A perennial, occasionally biennial, herb, mainly found in open communities on S.-facing cliffs. It will grow on flat ground on the tops of cliffs, but only where protected from grazing animals and shielded from invading shrubs. Recent evidence suggests that seed can be dispersed in sea water. Lowland.
C. wrightii was originally described from Lundy in 1936. It is holding its own there, but is dependent both on low levels of stocking and on the control of scrub.
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Light (Ellenberg): 9
Moisture (Ellenberg): 4
Reaction (Ellenberg): 4
Nitrogen (Ellenberg): 3
Salt Tolerance (Ellenberg): 0
January Mean Temperature (Celsius): 5.8
July Mean Temperature (Celsius): 15.7
Annual Precipitation (mm): 986
Height (cm): 90
Perennation - primary
Life Form - primary
Life Form - secondary
Comment on Life Form
Clonality - primary
Count of 10km squares in Great Britain: 1
Count of 10km squares in Ireland: 0
Count of 10km squares in the Channel Isles: 0
Plantatt Conservation Status
RDB Species Accounts
Coincya wrightii (O.E.Schulz) Stace (Brassicaceae)
Rhynchosinapis wrightii (O.E.Schulz) Dandy
Status in Britain: VULNERABLE. ENDEMIC. WCA Schedule 8.
C. wrightii occurs only on Lundy, the main centre of distribution being the south-eastern part of the island (Irving 1984; L. Farrell, pers. obs.). It grows in exposed, open communities subject to high atmospheric humidity during the cooler months and great heat coupled with a high light intensity during the summer (Marren 1971). Habitats are mainly the steep or vertical cliffs of granite and slate, but it also occurs on flat ground above the cliff-slopes where protected from grazing animals. It grows mainly in rather open communities where competitors are few. Species which occur in the same habitat include Arrhenatherum elatius, Digitalis purpurea, Holcus lanatus, Lonicera periclymenum, Pteridium aquilinum, Rubus fruticosus, Sedum anglicum, Teucrium scorodonia and Umbilicus rupestris. However, both seedlings and more mature plants can survive in quite closed swards, in deep bracken litter, and under heavy canopies of bramble, gorse or bracken (R.Key, in litt.).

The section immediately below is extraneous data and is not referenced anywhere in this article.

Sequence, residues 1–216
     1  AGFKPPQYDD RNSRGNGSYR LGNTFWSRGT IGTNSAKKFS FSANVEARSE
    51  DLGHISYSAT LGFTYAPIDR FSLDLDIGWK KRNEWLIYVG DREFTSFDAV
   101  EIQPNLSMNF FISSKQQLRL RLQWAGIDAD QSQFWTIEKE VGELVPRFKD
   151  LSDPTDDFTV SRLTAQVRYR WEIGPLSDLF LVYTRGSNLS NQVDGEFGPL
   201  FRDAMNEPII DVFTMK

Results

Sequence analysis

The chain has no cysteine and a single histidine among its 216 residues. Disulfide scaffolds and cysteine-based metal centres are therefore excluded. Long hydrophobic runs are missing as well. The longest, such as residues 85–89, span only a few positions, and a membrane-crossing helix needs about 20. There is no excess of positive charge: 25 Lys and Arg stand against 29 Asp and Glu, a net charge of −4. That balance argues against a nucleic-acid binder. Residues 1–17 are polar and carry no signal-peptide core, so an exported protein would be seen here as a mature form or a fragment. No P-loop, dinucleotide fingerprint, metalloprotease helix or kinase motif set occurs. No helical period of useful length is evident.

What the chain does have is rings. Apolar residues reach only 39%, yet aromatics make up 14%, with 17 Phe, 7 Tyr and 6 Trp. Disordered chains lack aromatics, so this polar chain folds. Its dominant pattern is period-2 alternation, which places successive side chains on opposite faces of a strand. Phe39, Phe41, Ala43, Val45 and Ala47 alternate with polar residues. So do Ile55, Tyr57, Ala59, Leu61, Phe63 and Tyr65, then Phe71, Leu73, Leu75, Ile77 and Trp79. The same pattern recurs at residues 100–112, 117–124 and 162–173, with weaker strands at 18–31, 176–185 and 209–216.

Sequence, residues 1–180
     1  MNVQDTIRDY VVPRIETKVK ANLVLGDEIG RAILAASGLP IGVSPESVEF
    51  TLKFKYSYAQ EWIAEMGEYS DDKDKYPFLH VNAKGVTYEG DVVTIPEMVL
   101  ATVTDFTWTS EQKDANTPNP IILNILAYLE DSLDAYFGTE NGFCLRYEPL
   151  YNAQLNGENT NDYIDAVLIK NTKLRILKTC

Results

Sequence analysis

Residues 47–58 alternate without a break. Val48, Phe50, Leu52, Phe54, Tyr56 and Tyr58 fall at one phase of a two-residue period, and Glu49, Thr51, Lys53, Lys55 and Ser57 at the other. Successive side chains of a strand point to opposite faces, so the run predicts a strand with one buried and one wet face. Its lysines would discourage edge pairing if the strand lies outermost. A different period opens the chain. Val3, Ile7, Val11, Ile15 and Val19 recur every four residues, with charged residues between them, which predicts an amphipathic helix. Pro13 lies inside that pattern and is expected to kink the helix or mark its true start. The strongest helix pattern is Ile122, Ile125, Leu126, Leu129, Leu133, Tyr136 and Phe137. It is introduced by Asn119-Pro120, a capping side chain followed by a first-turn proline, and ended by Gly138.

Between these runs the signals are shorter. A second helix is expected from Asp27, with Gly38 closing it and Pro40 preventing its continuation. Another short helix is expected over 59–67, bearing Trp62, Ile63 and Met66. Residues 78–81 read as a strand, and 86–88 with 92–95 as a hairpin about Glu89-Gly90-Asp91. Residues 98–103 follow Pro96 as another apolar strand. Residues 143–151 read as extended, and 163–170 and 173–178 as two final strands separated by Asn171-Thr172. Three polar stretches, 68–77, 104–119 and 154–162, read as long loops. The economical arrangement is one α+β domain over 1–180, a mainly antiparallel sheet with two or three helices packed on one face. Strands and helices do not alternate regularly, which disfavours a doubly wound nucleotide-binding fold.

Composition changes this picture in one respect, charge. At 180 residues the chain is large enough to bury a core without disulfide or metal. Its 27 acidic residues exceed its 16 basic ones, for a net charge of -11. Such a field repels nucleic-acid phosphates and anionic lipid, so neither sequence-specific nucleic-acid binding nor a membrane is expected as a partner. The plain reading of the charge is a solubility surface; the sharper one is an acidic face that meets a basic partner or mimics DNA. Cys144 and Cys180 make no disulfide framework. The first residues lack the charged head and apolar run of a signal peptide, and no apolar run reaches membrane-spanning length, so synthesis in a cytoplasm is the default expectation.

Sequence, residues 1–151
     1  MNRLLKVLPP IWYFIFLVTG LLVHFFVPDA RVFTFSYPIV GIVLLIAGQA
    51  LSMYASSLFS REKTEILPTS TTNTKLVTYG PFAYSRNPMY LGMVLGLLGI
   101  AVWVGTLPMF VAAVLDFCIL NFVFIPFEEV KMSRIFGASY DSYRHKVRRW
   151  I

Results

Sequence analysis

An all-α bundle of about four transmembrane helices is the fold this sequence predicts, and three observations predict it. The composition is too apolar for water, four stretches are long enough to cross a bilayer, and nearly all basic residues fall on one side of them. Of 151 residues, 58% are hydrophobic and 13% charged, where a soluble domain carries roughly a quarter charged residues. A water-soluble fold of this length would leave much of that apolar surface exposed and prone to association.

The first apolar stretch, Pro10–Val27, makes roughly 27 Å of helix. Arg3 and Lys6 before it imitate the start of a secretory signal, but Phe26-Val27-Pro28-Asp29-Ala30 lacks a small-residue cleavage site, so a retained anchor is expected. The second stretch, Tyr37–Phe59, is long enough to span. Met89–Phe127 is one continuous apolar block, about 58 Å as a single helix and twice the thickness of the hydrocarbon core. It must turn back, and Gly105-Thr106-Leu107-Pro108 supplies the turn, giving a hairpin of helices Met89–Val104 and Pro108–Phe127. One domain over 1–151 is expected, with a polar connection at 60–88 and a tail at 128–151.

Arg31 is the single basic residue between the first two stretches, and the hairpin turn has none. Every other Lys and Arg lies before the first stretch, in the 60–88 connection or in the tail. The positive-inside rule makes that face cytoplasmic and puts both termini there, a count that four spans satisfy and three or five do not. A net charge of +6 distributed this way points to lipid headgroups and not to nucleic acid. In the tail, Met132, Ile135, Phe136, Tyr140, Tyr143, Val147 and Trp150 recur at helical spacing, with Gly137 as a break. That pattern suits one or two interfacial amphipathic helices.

C. wrightii is a biennial or perennial of variable habit, sometimes tall and straggly, sometimes large and bushy, and dwarf in very dry soil. Populations fluctuate markedly, and in recent years, numbers have ranged from about 320 in 1979 (Cassidi 1980) to 4,500 in 1994. The reasons for the recent increase are not clear, though it is quite possible that a series of warm and dry summers and intervening mild winters in the 1990s favoured the plant.
However, both overgrazing and spread of invasive shrubs are threatening some colonies. Young plants in particular are grazed by domestic animals (sheep and ponies), as well as by rabbits, Sika deer and the free-roaming Soay sheep. Pteridium aquilinum and Rhododendron ponticum locally threaten some colonies. Although there has been substantial control of the invasive shrubs under a Countryside Stewardship agreement, clearance has not so far been concentrated in areas where C. wrightii chiefly occurs.
Invertebrates associated with C. wrightii are of interest, particularly an endemic flea beetle Psylloides luridipennis which is specific to the plant. The biology of the genus Coincya is described in Leadley & Heywood (1990).
L. Farrell and M. J. Wigginton
Atlas text references
2000. Biological Flora of the British Isles. No. 211. Coincya wrightii (O.E. Schulz) Stace. Journal of Ecology. 88:535-548.
Jalas & Suominen (1996)
1999. British Red Data Books. 1. Vascular plants, edn 3.